The Bloomberg administration will almost surely go down in history as New Yorks most economically successful mayoralty everan achievement that was far from inevitable. Elected as a virtual political unknown just weeks after the 9/11 attacks on the World Trade Center, Michael Bloomberg became the 108th mayor of a city experiencing an uncharacteristic sense of vulnerability. Its downtown had become a graveyard for nearly 3,000 souls, wrote Columbia University Professor Lynne Sagalyn, while its economy endured some $40 billion in economic losses, said the Federal Reserve.

But Bloomberg understood capitalism and he hired as his Deputy Mayor for Economic Development and Rebuilding a man who also understood capitalism, Daniel L. Doctoroff, author of the new memoir-manifesto, Greater than Ever, New Yorks Big Comeback (PublicAffairs).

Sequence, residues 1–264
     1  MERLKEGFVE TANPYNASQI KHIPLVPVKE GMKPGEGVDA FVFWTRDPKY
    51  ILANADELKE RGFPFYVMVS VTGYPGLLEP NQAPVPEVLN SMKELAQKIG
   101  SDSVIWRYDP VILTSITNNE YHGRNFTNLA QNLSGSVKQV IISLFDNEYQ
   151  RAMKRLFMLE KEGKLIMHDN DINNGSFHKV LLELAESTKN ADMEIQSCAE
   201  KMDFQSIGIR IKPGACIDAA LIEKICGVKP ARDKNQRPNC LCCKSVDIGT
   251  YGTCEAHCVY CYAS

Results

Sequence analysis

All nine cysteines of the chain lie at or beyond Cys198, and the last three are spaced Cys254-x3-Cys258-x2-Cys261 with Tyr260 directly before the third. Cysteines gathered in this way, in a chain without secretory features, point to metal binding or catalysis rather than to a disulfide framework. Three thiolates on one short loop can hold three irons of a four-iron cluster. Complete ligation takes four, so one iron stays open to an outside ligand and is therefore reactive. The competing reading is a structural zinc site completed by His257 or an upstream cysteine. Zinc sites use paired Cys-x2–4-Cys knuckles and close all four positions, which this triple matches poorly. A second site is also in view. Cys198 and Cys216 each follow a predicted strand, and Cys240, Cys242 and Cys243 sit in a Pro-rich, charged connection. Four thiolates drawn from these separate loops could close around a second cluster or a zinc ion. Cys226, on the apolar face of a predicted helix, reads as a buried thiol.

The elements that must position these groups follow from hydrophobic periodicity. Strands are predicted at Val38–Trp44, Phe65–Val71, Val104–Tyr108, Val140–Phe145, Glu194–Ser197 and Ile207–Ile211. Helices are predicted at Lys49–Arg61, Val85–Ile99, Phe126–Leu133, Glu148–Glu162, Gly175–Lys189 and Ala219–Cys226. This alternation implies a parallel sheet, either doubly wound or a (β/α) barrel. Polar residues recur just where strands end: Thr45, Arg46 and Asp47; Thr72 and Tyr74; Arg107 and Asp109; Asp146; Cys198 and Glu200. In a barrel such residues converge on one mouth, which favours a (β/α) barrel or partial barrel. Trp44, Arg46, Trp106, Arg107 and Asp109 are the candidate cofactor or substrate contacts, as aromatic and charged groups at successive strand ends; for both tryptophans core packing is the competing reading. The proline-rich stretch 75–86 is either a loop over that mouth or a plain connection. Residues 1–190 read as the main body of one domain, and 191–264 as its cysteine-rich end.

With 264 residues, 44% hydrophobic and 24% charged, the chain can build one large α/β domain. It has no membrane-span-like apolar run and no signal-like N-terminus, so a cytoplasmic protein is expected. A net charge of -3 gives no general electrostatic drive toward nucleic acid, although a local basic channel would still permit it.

Citizens Housing & Planning Council executive director Jerilyn Perine, who served as housing commissioner during both the Giuliani and the Bloomberg administrations, recalls, New York didnt have underlying problems. Before 9/11 it was the only older, post-industrial city with a growing population. It was a super exciting place, with prosperous immigrant communities, tourism as an economic engine, and consistently declining crime. There was no question but that we would recuperate. Having the right mayor in Bloomberg meant we recuperated a little faster. Hard to know what would have happened with a different mayor, or a different strategy, but given New Yorks temperament its safe to say that the fast recuperation was vital.

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